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This Concerto started life in 1974 which, although complete, was revisited in 2015 when I decided it needed extensive revision. When I started work on the revision during the late 2016, I realised that much of it needed to be completely re-written, but using some of the material from the 1974 version.
The original was in two movements, but the current version is in the usual three – Allegretto, Adagio and Moderato, playing for 21 minutes. The orchestration is basically double woodwind; a brass section featuring two horns, three trumpets and two trombones; three percussion players; timpani and strings.
As the viola is often considered to be a rather melancholy instrument, the Concerto takes on a predominantly melancholic nature, contrasted with the brass, in particular the three trumpets, stating brash fanfares in the first and last movements. Indeed, two of the trumpets start the Concerto in open 4ths. After a cadenza for the soloist, the trumpets are again prominent with what can only be described as a rhythmic cluster. The first theme returns, followed by a more relaxed section introducing a melody based on a rising two-note phrase. The trumpets repeat their rhythmic patterns after which there is a new, slower theme focussing on the melancholy. The movement ends with a return of the first theme.
The second movement is the most melancholy, focussing on the two-note rising theme already heard. This contrasts with a slightly faster section, followed by a return to the melancholic section of the first movement before returning to the initial idea, which builds to a climax. The movement ends very quietly, but before it is allowed to die away completely, the soloist moves things forward with a bridge section which leads, without a break, to the final movement.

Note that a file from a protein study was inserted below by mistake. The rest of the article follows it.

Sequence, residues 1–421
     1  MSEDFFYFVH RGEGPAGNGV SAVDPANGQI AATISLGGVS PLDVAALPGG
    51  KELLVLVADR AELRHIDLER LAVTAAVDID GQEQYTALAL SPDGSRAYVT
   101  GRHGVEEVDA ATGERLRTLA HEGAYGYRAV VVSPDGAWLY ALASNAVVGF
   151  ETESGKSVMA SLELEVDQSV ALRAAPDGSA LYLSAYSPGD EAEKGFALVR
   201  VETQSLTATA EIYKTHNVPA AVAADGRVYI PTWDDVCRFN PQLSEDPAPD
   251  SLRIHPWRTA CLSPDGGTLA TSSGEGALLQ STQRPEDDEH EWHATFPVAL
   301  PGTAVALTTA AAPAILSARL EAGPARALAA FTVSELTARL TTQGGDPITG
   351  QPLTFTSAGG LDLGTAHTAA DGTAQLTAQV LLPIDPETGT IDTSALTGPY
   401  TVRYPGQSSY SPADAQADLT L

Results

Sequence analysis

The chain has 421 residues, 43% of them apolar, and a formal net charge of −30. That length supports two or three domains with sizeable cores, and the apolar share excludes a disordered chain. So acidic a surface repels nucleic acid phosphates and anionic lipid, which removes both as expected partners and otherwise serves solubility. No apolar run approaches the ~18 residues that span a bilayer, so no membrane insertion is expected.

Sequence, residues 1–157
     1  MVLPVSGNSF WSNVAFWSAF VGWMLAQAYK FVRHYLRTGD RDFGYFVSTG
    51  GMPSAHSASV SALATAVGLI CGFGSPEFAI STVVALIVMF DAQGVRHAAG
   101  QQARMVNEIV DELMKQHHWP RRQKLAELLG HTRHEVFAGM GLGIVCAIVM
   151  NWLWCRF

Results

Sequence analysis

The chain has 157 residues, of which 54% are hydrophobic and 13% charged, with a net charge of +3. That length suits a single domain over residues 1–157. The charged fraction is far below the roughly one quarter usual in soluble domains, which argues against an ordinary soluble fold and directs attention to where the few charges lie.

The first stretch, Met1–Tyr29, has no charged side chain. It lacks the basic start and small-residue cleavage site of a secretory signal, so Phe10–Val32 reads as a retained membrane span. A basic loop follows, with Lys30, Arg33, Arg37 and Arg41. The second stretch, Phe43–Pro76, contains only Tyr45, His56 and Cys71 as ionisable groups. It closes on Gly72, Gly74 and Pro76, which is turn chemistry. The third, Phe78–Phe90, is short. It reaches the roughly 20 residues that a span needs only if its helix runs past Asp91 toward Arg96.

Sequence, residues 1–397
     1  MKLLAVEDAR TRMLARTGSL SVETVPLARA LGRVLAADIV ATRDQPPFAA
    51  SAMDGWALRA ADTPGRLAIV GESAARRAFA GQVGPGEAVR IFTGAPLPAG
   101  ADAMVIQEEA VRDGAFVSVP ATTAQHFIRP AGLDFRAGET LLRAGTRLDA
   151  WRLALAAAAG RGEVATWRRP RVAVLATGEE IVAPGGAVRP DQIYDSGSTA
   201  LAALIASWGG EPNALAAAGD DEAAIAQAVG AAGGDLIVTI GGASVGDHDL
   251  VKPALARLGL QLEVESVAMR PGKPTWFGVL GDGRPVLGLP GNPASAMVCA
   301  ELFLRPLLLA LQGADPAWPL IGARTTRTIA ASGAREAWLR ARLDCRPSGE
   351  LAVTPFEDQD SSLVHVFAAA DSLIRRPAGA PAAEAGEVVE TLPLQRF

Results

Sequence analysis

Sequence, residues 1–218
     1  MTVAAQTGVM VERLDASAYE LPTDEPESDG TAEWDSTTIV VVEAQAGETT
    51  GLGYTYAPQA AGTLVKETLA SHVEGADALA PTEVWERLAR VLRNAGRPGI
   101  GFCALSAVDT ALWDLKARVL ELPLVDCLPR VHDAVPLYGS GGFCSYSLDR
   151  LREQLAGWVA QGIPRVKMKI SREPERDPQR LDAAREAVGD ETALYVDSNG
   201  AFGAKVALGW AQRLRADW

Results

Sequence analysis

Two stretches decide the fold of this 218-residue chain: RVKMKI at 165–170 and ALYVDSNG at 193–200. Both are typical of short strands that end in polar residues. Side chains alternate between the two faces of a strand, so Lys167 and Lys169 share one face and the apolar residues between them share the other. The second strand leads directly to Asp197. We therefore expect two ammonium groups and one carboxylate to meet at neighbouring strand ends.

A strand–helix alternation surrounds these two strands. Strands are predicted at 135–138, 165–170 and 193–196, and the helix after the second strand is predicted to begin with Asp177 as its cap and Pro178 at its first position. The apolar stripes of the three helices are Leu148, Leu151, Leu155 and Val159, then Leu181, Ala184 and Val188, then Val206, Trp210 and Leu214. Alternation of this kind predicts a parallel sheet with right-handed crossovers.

The third movement is mainly in 6/8 and 9/8 time. Trumpets and horns announce the main theme fortissimo. This theme is contrasted with a section of descending scales. The section is followed by the three trumpets announcing their theme – a rising and falling phrase – this being taken up by the soloist and the rest of the orchestra. Then follows a recapitulation of the melancholic second movement, slightly developed. The first idea returns, complete with descending scales and trumpets, building to a climax where the open trumpet fanfares of the first movement are heard by the whole brass section, complete with tam-tam. The soloist emerges with a short cadenza, and then the movement returns to the opening theme played slowly, becoming quieter so as to strengthen the melancholic character. The piece ends with open sustained chords on the strings and a quiet rhythm on the timpani.